3.1 Data Processing

The dataset used in this study is real-world data from TAP30 corporation ride requests from September 1st to December 20th, 2017. The details of raw data taken from database is shown in Table 1.

Data type Description
Ride Request ID The unique ID of the ride request
Passenger ID The unique ID of the passenger that made the ride request
Timestamp Timestamp of the ride request
Latitude/Longitude GPS location of origin of the ride request
Table 1: Details of raw data

The urban area is partitioned into 1616 grids uniformly where each grid refers to a region. On the other hand, we consider variables aggregated in a 15 minutes time interval in this paper. We have removed the ride requests canceled in 5 seconds, because there are not considered to be real demand and potentially are noisy data. And also the ride requests that a passenger with his/her unique passenger id has made in a time interval of 15 minutes length are aggregated to become a single request. The number of unique ride requests made, represents the demand. We aggregated the number of unique ride requests for all 256 regions, every 15 minutes. In order to obtain robust and interpretable results, we decided to consider only the regions that at least 300 ride requests per day on average(nearly 3 ride requests in each time interval on average) had been made in them. After eliminating the regions that does not satisfy our limit, 64 regions were left.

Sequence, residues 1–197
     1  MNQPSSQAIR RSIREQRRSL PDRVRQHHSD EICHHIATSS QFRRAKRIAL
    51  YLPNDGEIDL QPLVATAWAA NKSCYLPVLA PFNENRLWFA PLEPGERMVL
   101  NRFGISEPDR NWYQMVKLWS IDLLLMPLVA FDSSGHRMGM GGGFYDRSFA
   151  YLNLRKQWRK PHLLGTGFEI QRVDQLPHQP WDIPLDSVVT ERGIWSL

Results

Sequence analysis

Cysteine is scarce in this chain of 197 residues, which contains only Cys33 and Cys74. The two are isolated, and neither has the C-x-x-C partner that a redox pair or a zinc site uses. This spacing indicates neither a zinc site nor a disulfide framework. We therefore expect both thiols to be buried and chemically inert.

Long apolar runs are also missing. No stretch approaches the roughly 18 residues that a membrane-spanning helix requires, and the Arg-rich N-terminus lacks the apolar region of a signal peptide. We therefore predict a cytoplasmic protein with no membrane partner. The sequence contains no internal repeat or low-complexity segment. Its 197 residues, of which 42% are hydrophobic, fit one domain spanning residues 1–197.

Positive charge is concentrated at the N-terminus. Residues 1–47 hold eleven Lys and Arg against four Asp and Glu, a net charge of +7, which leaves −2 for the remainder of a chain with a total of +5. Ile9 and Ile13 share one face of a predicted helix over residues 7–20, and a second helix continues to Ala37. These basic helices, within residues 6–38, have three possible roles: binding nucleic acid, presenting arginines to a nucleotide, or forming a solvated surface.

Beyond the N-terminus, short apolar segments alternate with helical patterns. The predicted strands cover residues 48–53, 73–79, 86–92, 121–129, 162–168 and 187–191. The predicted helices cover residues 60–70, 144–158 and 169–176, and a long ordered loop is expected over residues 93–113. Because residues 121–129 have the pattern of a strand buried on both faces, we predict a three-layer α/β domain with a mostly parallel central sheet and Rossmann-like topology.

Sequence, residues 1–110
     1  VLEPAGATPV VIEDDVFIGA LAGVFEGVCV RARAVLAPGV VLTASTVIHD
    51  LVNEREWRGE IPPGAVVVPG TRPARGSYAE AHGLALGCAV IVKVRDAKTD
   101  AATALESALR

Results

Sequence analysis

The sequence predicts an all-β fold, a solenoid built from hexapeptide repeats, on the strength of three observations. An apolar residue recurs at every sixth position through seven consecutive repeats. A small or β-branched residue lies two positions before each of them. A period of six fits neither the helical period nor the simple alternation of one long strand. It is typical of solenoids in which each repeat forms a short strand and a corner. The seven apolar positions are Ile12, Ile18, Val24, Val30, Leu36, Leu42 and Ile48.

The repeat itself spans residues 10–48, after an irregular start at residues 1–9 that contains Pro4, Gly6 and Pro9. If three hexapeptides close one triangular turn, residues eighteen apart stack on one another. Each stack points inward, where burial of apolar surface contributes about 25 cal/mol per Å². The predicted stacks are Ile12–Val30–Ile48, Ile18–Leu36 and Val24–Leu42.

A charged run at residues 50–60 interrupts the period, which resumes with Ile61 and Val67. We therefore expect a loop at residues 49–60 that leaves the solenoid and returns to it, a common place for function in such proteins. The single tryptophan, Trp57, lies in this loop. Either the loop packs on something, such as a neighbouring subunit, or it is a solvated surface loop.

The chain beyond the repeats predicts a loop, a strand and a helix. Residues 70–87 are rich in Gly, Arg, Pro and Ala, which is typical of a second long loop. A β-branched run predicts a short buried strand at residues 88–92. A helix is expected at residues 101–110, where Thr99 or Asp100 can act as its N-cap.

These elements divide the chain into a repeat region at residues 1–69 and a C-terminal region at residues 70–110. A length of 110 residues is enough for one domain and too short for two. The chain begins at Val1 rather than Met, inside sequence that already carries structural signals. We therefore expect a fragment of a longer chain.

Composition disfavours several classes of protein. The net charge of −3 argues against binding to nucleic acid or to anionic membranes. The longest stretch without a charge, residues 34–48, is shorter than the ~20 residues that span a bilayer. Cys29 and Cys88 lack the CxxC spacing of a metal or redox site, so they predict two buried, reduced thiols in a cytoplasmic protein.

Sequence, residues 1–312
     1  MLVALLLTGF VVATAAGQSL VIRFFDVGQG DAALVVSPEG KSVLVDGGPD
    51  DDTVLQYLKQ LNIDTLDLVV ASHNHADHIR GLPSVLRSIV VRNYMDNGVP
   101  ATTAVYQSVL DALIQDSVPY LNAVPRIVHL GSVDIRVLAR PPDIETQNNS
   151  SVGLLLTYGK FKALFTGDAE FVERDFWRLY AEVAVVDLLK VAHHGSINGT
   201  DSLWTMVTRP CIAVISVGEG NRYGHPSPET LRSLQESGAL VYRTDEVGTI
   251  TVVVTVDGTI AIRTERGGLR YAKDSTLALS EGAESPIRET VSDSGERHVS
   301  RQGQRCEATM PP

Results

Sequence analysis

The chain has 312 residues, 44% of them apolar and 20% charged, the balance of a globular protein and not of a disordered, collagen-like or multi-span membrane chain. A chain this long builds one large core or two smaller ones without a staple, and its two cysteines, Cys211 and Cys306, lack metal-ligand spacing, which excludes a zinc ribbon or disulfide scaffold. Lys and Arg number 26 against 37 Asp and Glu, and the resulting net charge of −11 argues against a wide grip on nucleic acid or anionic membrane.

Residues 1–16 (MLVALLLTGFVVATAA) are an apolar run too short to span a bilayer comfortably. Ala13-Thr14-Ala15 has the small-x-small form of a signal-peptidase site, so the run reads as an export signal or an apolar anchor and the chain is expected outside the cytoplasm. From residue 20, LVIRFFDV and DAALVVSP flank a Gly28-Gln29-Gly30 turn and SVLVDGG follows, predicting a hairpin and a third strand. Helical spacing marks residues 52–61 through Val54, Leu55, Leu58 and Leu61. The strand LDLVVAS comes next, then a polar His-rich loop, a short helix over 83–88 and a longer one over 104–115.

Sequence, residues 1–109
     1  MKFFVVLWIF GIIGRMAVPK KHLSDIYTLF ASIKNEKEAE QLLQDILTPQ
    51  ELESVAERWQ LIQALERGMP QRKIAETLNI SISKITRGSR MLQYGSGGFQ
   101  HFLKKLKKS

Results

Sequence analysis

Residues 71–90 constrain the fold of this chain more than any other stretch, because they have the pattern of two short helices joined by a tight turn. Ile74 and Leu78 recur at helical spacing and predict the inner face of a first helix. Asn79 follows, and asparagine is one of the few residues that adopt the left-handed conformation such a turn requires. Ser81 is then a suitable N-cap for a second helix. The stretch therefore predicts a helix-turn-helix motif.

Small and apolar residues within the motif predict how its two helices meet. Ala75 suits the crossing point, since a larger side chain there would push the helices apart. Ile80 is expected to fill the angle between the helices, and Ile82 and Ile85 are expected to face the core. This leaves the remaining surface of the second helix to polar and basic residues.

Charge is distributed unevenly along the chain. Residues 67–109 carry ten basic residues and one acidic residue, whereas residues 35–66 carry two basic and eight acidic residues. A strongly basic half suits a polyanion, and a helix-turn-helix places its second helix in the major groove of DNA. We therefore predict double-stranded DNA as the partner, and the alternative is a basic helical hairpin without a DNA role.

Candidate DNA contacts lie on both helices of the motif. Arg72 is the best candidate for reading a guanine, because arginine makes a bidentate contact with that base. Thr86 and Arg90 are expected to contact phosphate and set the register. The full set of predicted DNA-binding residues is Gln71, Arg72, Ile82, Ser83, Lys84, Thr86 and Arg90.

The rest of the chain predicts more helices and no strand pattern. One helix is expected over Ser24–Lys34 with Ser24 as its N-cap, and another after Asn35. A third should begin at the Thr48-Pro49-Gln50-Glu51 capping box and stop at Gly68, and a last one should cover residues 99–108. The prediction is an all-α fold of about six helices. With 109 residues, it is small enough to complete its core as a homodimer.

3.2 Features

There are 68 main features for the predictive model. Each data point in our final cleaned data has 4 temporal features and 64 spatial features.

3.2.1 Temporal Features

We have extracted 4 main temporal features from the timestamps of the cleaned raw data. In order to use the continuous nature of the timeslot feature, first, we converted the timeslot number to triangular format and used its sine and cosine as features. Table 2 includes the temporal features and their description.